New art installation in Hazel Park will feature thousands of flowers

By: Andy Kozlowski | Madison - Park News | Published October 16, 2020

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HAZEL PARK — A new walk-through art installation in Hazel Park — opening soon with three back-to-back events — will surround visitors with countless golden flowers.

The Marigold Project, which was being assembled after press time, is a community-wide initiative in Hazel Park. Half of the participants and businesses involved are from Hazel Park, but there are also urban farms from the east side of Detroit, and residents from 20 cities in metro Detroit and the surrounding area. The project began in May and will be completed this month.

The end result will be an immersive art installation featuring thousands of marigold flowers. The golden blooms were raised by about 200 residents across metro Detroit, as well as farms, community gardens, and local businesses and schools. The flowers were sowed and nurtured during the past few months.

The project is coordinated by two local businesses — Richard Gage Design Studio, and anhelo anhelo — and the West End Hazel Park Business Coalition. The art installation will come together the weekend of Oct. 23. During the week prior, the blooms are being collected from all of the individuals who volunteered to raise them.

The installation is located in an empty lot between 407 W. Nine Mile Road and Richard Gage Design Studio at 425 W. Nine Mile Road in Hazel Park. Three events will celebrate its completion.


Opening events
First there is a free student opening from noon to 3 p.m. Oct. 23, open to families of Jardon Vocational School, part of the Hazel Park Public Schools, as well as families with students in elementary school, middle school or high school in metro Detroit.

Next, from 5 to 10 p.m. Oct. 23, there is a gala event with a fall abundance market featuring Rivendell Gardens and Deeply Rooted Produce, two of the gardens that have been major growing partners since the spring, with displays showcasing the work they do for food justice and promoting healthy eating — two goals shared by the Hazel Park Public Schools.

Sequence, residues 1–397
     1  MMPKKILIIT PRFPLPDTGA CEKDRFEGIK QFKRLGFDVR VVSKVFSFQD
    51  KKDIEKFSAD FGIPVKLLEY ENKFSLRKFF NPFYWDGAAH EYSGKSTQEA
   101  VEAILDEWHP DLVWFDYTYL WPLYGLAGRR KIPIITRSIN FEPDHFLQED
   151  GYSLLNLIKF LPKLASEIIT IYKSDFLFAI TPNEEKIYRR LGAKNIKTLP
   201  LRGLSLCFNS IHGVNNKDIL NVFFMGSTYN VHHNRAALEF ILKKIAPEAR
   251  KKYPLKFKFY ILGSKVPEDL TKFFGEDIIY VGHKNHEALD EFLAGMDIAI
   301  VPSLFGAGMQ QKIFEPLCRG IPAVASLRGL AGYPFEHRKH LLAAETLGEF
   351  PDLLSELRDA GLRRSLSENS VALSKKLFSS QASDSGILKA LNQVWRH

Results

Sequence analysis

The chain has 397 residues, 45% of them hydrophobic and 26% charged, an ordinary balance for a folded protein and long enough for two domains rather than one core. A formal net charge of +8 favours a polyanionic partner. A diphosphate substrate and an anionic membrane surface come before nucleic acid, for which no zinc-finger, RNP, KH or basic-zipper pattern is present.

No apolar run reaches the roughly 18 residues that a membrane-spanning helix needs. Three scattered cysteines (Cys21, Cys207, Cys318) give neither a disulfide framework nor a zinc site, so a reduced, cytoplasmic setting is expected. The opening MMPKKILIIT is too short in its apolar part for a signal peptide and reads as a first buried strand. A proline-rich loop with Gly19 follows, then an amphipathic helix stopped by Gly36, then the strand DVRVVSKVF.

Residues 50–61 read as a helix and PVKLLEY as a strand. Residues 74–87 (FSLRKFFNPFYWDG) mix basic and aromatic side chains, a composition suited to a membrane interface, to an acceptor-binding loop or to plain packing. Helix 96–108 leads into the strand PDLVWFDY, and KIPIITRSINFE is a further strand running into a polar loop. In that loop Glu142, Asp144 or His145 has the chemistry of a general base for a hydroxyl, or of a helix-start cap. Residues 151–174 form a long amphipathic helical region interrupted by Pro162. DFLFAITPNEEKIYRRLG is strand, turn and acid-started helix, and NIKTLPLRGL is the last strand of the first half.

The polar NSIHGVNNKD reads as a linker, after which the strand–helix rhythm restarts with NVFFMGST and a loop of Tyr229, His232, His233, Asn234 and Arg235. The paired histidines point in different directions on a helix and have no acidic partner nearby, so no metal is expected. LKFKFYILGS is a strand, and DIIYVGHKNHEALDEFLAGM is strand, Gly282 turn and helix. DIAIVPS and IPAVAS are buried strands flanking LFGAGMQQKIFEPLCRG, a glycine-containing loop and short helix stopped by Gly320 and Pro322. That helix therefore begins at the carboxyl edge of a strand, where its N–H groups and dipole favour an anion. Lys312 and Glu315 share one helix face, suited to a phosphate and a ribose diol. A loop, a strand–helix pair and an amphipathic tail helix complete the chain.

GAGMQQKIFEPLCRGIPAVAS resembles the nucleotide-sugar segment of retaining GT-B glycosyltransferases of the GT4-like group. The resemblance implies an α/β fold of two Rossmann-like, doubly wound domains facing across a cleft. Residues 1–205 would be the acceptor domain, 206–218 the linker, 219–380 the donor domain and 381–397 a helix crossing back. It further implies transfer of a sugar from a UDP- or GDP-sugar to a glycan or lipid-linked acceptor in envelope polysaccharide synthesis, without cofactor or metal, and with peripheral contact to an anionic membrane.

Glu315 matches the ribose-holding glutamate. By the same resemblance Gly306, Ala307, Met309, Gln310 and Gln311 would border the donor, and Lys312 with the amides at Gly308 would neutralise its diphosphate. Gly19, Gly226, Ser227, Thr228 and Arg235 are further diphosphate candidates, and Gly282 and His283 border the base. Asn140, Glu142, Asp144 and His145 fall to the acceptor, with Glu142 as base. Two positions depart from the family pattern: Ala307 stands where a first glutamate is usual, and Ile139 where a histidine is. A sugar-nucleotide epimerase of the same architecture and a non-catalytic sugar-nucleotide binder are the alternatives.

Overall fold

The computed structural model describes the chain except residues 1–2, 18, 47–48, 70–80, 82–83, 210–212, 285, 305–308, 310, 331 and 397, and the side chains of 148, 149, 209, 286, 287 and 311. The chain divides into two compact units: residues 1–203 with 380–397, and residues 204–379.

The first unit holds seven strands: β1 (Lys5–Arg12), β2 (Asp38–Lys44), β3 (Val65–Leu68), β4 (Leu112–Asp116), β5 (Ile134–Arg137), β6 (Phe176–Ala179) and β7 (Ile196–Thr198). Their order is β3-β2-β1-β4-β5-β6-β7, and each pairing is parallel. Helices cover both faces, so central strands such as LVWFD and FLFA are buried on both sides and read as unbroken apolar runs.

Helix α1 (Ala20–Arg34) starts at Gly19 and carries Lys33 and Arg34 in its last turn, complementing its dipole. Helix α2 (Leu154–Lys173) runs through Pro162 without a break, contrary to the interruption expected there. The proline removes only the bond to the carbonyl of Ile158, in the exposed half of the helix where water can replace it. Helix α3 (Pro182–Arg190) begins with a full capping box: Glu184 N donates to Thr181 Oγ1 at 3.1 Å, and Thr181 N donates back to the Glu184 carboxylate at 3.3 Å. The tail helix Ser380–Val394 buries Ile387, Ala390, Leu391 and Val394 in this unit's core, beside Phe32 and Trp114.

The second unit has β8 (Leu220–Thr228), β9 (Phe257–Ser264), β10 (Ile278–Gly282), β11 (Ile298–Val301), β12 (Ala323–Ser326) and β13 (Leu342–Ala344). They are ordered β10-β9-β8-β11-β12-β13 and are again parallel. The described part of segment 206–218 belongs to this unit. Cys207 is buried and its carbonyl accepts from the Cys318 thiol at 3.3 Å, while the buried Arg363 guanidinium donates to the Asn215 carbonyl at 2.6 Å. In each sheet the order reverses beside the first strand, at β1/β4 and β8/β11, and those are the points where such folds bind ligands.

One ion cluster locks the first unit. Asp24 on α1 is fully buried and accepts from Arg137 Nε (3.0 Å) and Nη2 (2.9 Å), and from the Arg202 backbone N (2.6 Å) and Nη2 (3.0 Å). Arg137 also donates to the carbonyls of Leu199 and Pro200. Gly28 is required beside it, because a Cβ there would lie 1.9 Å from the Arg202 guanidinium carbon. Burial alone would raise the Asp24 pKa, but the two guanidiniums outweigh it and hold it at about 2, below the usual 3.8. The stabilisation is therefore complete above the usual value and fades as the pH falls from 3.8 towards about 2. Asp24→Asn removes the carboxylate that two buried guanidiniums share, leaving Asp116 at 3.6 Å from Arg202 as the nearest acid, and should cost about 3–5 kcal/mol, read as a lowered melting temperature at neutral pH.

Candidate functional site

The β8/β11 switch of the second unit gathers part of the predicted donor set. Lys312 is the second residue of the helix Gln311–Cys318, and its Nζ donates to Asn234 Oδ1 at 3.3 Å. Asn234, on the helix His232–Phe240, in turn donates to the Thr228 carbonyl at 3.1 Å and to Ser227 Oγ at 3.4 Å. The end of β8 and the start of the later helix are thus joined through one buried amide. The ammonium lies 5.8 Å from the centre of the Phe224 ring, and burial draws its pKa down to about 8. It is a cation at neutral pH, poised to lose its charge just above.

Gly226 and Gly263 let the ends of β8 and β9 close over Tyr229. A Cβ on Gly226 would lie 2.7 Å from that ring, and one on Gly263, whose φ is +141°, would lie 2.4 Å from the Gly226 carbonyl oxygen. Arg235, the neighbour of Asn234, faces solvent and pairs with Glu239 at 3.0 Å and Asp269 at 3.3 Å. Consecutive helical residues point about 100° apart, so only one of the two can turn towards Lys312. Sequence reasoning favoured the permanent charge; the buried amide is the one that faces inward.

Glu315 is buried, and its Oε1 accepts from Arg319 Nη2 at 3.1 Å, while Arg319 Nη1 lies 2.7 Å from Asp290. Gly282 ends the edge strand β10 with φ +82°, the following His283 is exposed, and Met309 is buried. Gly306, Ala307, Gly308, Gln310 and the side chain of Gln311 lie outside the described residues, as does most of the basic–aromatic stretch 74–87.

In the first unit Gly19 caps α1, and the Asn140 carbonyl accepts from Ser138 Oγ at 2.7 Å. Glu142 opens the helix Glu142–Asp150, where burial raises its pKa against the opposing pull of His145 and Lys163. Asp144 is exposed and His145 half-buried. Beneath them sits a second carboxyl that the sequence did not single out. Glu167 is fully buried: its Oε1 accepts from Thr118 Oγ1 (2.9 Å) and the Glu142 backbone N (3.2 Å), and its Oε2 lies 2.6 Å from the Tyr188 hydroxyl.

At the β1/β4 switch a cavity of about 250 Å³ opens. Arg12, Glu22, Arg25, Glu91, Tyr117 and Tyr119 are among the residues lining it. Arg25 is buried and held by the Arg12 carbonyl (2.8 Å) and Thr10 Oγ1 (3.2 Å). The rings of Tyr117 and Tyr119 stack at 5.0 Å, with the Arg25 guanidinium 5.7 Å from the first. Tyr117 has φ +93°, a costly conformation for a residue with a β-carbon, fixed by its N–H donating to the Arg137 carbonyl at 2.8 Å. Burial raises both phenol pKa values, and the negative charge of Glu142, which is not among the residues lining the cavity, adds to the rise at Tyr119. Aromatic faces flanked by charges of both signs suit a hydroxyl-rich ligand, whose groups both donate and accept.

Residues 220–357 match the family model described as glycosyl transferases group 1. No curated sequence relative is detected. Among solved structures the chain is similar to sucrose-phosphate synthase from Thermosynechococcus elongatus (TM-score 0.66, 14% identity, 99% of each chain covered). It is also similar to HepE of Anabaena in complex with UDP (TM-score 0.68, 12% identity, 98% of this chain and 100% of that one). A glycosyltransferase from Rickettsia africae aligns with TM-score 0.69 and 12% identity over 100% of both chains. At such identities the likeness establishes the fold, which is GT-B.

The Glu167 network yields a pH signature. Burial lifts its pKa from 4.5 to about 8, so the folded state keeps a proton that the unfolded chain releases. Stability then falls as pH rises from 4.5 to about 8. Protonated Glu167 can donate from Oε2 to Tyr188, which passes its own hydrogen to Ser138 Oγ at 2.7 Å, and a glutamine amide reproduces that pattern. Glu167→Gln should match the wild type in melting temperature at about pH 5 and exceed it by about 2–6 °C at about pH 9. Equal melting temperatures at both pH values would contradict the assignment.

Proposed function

We Juice LLC will be selling raw juices, marigold teas and smoothies, as well. There will also be wine tastings and a raffle of gardening supplies to benefit Jardon Vocational School.

Attendees register at Ideation Orange, located at 420 W. Nine Mile Road in Hazel Park. Docents will then escort visitors to the installation during their booked time slot. Parties wishing to reserve tickets at the door will wait until the next available time slot.

The third and final event is the public opening the next day, from 10 a.m. to 10 p.m. Oct. 24. Visitors arrive directly at the art installation and are registered by an attendant into a waiting area before their viewing time. There will be safely distanced outdoor seating.

Ticket information for all three events is available at wehazelpark.com/marigold-project.

    
The installation
The exhibit itself occupies a footprint of roughly 150-200 square feet, and stands 8 feet tall, with several thousand marigold flowers. It’s a free-standing structure with an entrance and exit. Visitors enter on the Nine Mile side of the lot and exit the sculpture facing the alleyway.

Those who enter the installation will find themselves surrounded by walls of blooms.